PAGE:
December’s meeting of the Genesis Shapers group wrapped up, marking the 12th installment of what has now been a full year of monthly meetings.
The inaugural meet-up of the Shapers took place December 2018, at WordCamp U.S., and one year in, I’m happy to report that these meetings have consistently served as a great opportunity for the growing group of Genesis Shapers to invest in the future of Genesis and share new developments and insights with the wider community of Genesis users.
Before diving into the details of December’s meeting, here are recaps from previous Shapers meetings, if you’d like to catch up:
With that, here’s the Genesis Shapers meeting recap for December.
As usual, December’s meeting saw a strong showing from veteran members of the group as well as input from some new members. The focus for December was on Speed, Full-Site Editing, and Building Quickly, with a few sub-questions included that followed those trains of thought.
As a reminder, the Genesis Shapers are a global, hand-selected, and diverse group of people representing companies from across the community who share a representative voice for the strategic direction of Genesis, which is combined with the feedback we receive directly from customers across social channels, and through Genesis WP on Slack.
The Genesis Shapers as of the date of this meeting, included
- Bill Erickson,
- Carrie Dils,
- David Decker,
- Gary Jones,
- Greg Boser,
- Jennifer Bourn,
- Jon Brown,
- Jonathan Jeter,
- Lauren Gaige,
- Lee Anthony,
- Mike Hemberger,
- Nahuai Badiola,
- Remkus de Vries,
- Robin Cornett,
- Anita Carter,
- Sridhar Katakam,
- and Ryan Murray.
The meeting began with a question about Shapers member Nahuai Badiola, who recently hosted a Genesis event in Barcelona, Spain:
What questions do you have for Nahuai on how the event went and what it was like getting so many people on board with Genesis?
I kicked things off, asking Nahuai,
“Were most of the audience new to Genesis or had they already used Genesis and wanted to get better?”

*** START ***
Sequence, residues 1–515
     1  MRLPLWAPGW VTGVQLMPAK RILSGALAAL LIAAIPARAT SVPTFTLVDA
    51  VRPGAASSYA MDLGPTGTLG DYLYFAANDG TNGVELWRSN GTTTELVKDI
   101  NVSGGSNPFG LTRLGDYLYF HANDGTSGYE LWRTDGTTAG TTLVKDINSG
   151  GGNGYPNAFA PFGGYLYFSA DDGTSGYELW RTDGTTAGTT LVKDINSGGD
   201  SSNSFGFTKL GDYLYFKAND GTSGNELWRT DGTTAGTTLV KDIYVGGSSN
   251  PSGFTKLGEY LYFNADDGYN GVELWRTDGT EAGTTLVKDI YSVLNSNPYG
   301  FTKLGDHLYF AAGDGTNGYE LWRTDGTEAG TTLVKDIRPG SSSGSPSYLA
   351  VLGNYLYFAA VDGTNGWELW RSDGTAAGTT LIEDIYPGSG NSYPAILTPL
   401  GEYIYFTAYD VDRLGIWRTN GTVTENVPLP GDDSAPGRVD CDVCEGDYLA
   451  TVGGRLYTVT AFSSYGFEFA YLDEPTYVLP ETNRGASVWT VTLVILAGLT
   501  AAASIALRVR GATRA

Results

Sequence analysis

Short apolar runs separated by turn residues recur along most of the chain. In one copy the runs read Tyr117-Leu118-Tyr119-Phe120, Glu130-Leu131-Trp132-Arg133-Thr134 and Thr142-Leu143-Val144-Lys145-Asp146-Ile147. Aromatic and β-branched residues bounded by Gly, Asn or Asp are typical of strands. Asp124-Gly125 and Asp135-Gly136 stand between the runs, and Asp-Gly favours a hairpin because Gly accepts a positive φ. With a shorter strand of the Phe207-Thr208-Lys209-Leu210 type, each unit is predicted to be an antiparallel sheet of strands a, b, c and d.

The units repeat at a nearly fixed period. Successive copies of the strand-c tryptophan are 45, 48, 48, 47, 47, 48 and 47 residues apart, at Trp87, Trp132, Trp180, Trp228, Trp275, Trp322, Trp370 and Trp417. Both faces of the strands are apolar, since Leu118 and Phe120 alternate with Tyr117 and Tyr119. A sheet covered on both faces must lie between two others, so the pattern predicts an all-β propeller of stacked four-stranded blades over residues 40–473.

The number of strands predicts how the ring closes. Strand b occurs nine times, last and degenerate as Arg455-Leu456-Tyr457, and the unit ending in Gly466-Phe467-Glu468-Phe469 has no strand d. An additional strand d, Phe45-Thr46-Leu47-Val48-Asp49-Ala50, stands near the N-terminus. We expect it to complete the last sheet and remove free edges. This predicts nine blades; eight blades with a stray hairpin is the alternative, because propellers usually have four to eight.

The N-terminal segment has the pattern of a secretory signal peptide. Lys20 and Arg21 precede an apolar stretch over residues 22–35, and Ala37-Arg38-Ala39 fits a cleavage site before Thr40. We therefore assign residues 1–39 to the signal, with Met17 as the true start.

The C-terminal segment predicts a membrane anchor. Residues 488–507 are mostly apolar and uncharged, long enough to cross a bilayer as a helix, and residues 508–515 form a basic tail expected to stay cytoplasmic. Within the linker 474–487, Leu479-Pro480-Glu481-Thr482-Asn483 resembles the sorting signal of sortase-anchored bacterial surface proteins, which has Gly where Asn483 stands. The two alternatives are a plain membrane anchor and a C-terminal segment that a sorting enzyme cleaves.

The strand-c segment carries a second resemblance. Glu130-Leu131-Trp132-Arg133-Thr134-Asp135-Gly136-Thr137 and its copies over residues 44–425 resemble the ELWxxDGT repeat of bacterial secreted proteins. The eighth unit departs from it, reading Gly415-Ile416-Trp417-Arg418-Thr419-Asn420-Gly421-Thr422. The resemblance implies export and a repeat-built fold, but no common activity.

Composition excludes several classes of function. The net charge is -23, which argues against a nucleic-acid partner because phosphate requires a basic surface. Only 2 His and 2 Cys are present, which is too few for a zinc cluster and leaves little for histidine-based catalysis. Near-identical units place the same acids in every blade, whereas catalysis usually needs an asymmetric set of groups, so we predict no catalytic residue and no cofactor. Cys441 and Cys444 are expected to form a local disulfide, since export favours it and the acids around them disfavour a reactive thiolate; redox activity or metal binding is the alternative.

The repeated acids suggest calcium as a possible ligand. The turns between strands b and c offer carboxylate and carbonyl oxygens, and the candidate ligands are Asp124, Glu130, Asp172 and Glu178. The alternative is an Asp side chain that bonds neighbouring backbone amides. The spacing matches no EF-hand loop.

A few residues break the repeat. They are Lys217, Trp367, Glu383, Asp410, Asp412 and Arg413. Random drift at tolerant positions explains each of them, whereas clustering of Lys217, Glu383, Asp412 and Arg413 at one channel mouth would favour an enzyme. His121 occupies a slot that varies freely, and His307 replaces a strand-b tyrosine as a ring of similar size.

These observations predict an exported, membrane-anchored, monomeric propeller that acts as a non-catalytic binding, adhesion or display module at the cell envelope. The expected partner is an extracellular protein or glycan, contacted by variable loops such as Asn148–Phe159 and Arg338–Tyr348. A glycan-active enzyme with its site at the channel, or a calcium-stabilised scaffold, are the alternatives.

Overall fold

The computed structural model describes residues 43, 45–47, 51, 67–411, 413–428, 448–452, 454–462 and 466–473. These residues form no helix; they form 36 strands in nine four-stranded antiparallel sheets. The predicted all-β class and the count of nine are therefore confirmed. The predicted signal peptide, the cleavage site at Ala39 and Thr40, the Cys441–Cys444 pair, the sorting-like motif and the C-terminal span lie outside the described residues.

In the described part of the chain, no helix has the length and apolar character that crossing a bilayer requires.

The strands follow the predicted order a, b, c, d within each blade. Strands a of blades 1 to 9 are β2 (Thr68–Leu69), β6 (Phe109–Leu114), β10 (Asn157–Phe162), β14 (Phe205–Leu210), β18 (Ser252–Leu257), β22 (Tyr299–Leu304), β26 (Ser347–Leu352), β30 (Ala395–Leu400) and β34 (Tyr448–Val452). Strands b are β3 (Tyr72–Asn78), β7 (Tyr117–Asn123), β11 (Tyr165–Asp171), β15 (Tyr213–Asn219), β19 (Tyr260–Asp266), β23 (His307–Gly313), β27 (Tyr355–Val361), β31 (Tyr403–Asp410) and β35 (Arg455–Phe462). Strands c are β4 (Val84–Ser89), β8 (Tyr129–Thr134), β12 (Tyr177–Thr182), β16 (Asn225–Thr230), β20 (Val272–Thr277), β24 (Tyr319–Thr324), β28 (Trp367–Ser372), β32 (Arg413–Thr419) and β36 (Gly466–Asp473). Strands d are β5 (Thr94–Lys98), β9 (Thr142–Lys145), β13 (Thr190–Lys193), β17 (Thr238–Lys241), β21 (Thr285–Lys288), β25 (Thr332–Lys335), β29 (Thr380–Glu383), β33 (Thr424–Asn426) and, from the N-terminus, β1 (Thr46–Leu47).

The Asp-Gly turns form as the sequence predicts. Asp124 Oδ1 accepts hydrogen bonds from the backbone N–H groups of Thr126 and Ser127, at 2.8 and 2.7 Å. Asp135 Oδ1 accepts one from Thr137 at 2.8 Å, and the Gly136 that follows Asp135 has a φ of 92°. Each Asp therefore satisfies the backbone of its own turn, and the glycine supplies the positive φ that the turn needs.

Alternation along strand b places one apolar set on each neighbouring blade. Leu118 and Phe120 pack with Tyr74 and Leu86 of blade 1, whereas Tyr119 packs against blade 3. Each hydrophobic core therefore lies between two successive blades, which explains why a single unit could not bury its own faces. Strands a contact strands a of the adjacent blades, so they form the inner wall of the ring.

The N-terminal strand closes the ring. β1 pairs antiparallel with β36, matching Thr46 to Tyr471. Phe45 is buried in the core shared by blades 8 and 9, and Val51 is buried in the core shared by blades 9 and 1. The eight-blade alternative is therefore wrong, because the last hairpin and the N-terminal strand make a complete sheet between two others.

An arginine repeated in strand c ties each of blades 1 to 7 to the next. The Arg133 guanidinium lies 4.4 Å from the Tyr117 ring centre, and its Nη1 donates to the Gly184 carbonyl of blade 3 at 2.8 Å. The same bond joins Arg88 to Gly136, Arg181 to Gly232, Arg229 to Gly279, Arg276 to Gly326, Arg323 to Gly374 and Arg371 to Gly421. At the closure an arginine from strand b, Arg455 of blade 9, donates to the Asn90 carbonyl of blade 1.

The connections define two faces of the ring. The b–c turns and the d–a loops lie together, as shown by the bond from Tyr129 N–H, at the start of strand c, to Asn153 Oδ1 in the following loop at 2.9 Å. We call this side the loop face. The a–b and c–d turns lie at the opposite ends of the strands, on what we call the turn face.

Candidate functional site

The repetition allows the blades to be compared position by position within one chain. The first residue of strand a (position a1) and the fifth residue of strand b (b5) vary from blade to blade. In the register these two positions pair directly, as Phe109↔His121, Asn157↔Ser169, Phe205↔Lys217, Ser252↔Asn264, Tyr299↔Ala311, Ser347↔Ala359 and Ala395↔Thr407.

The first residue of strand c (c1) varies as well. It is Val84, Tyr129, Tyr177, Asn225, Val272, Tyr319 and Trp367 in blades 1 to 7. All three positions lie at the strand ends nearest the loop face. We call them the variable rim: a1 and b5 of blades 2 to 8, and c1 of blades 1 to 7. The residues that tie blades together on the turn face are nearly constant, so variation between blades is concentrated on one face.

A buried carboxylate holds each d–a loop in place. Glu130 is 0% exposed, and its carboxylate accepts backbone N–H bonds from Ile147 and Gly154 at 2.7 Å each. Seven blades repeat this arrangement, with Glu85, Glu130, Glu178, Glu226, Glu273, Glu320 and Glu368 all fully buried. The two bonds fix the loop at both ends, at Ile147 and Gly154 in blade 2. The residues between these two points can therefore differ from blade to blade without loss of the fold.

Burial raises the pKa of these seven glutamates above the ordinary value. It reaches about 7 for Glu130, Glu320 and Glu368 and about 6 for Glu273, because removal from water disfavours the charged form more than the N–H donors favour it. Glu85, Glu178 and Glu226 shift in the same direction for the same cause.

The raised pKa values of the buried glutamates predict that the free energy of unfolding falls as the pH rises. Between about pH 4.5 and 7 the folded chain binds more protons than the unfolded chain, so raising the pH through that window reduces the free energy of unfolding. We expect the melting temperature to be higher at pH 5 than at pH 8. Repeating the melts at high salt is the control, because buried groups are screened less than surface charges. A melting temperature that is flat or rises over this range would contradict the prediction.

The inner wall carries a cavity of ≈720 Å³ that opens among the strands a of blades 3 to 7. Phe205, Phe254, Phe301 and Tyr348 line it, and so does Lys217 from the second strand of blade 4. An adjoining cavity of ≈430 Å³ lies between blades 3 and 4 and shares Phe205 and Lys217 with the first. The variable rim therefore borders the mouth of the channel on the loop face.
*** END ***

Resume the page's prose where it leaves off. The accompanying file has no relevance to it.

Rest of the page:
He replied, “I’d say 50/50. Also, we were +50 attendees, 50% of whom were developers and the other 50% were users, designers, or marketers.”
The event featured three separate discussions, with each one showcasing a different benefit of using Genesis.
“One was about business, how Genesis makes it easier to run one,” Nahuai said, “ another one was about the developer point of view, i.e the time developers can save by using Genesis, and the last one was about all the nice features that were launched over the last year, both for devs and users. One-click demo was one of the top things we highlighted.”
Quite a few people, Nahuai added, were interested in a hypothetical Starter Theme for Genesis, which could be used to by experienced developers interested in trying Genesis out.
I clarified: “You mean Genesis Sample or creating your own starter theme?”
“Having something like Genesis Sample but with more flexibility to build something with it,” Nahuai said.
Jon Brown replied: “I hear that a lot…what’s a good starter theme for Genesis? Many feel “Sample” is too simple…”
After some additional, similar comments, I said: “That’s good feedback. Maybe we should switch things up and ask our upcoming question on the agenda…”
What would you hope to see in a Genesis Sample design refresh?
Robin Cornett was the first to reply, saying: “Not design, but I’d love to see it switch over to Sass, or offer a developer version,” which generated agreement from others in the group.
Carrie Dils added to that: “I’d love to see some basic build tools. Less about inclusion of particular packages and more scaffolding.”
WP Engine Founder and CTO Jason Cohen also offered his thoughts: “Maybe worthwhile to have a sample that’s very simple, e.g. think “designer who knows just enough PHP to be dangerous” and another for the advanced dev, e.g. uses sass, has a build toolchain, etc.”
Jon Brown responded, “Modularize CSS” But it’s unclear to me if that encompases build tools too.”
Responding to Robin’s point above, I asked the group, “’I’m guessing the devil is in the details, but why two separate themes for devs and ‘users’ rather than one theme serving both masters?”